Overview: A high school student tries to unravel the mystery behind his ex-girlfriend’s death. Focus Features. 2005. Rated R. 110 Minutes.
A Modern Twist: The feature film debut of writer/director Rian Johnson, Brick is a neo-noir detective mystery set around a group of contemporary high school students. Johnson’s approach to film noir is a direct and authentic one. He uses traditional techniques—such as low angle camera shots and a flashy visual style– and the distinct language from a bygone era to create the film noir universe. The dialogue is a combination of slick, witty prose and pieces of a sophisticated, manufactured language. The end result is an expertly-crafted homage to the genre and a hit-the-ground-running debut from Johnson.
The Leading Man: The detective of the story is Brendan (Joseph Gordon-Levitt), a loner who stumbles into a mystery that is deeper than it first appears. Gordon-Levitt provides a terrific performance here, which helps set him apart from the image of his time as a child actor (this was his first major role as an adult after appearing in 3rd Rock from the Sun and 10 Things I Hate About You). Brendan has distinct characteristics that are typical of leads in film noir: his wire rim glasses half covered by his disheveled hair; his wiry arms always hunched, hidden, and shielded in the pockets of his tan jacket; and his smooth, brown leather boots, continuously clacking audibly as he slinks around. These characteristics give Brendan an air of mystery and the film a consistent visual style.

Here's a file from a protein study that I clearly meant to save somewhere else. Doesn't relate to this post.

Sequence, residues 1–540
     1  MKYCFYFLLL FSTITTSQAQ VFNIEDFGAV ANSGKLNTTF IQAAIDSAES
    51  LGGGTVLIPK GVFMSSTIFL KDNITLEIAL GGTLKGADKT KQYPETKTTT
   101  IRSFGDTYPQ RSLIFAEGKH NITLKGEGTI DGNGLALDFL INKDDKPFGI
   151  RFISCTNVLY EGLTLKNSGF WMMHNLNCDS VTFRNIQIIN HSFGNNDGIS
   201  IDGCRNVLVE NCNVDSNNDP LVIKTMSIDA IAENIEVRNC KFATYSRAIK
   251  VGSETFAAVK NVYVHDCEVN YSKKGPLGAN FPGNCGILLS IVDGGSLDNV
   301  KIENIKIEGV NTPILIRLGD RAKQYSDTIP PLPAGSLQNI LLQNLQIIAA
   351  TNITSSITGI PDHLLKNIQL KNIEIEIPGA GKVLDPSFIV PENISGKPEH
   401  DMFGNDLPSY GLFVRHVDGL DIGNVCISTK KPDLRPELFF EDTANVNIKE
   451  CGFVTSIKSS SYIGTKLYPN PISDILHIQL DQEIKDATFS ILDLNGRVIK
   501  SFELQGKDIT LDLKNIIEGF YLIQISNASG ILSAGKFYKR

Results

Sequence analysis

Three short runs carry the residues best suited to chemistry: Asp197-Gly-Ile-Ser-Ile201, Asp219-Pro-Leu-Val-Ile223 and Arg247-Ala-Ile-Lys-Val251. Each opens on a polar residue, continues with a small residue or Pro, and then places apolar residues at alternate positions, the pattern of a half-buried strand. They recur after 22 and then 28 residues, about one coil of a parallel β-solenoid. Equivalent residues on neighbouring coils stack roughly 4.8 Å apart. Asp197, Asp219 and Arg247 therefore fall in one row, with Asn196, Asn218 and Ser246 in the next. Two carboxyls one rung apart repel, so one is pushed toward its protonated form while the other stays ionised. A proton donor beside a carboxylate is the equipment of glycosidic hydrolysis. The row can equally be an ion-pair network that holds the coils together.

Technical Proficiency: Johnson displays a technical prowess here that would be impressive for an established auteur, let alone a first-time director. He uses natural camera effects and subtle visual clues to help build the elaborate mystery. Every frame and image is meaningful and nothing is wasted here.
The Details: The film features a cryptic and melancholy score, using what sounds like twangs, bells, and plucked strings to aid in the mysterious aura. Johnson uses practical jump cuts to create passes in time and provide a visual style to transitions, and a unique application of sound and volume to create a narrative that is richly audible from the details up. The sound amplification is most notable with Brendan’s shoes. They make a distinct sound when he moves and Johnson uses that in several scenes to create perceptible tension.
Watch This Movie If: You like film noir, The Maltese Falcon, Looper, or Kiss Kiss Bang Bang.
Final Thoughts: Brick is an interesting, modern twist to the film noir and an impressive feature debut for Rian Johnson. He displays a rarely seen, natural talent for filmmaking and establishes his roots as a rising auteur and a name to look out for.